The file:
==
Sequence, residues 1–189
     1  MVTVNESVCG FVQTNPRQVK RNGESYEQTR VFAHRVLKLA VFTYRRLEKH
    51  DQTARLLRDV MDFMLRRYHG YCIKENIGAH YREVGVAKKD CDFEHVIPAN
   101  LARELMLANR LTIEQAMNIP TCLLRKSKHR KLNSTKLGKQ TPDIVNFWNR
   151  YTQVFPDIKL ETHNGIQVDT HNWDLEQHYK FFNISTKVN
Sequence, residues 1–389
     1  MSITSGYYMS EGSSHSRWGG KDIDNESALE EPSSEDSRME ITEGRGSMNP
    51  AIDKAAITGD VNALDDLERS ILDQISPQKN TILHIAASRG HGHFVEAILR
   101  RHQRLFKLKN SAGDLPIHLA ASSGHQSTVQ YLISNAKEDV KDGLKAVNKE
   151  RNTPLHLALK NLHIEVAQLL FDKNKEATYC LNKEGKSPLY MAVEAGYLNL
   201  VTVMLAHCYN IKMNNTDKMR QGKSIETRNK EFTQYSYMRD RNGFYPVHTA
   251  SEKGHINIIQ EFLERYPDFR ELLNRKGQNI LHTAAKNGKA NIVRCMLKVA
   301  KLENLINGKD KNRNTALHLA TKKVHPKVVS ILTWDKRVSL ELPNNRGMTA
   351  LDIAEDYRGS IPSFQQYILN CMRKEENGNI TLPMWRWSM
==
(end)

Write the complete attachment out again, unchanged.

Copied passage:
Sequence, residues 1–189
     1  MVTVNESVCG FVQTNPRQVK RNGESYEQTR VFAHRVLKLA VFTYRRLEKH
    51  DQTARLLRDV MDFMLRRYHG YCIKENIGAH YREVGVAKKD CDFEHVIPAN
   101  LARELMLANR LTIEQAMNIP TCLLRKSKHR KLNSTKLGKQ TPDIVNFWNR
   151  YTQVFPDIKL ETHNGIQVDT HNWDLEQHYK FFNISTKVN
Sequence, residues 1–389
     1  MSITSGYYMS EGSSHSRWGG KDIDNESALE EPSSEDSRME ITEGRGSMNP
    51  AIDKAAITGD VNALDDLERS ILDQISPQKN TILHIAASRG HGHFVEAILR
   101  RHQRLFKLKN SAGDLPIHLA ASSGHQSTVQ YLISNAKEDV KDGLKAVNKE
   151  RNTPLHLALK NLHIEVAQLL FDKNKEATYC LNKEGKSPLY MAVEAGYLNL
   201  VTVMLAHCYN IKMNNTDKMR QGKSIETRNK EFTQYSYMRD RNGFYPVHTA
   251  SEKGHINIIQ EFLERYPDFR ELLNRKGQNI LHTAAKNGKA NIVRCMLKVA
   301  KLENLINGKD KNRNTALHLA TKKVHPKVVS ILTWDKRVSL ELPNNRGMTA
   351  LDIAEDYRGS IPSFQQYILN CMRKEENGNI TLPMWRWSM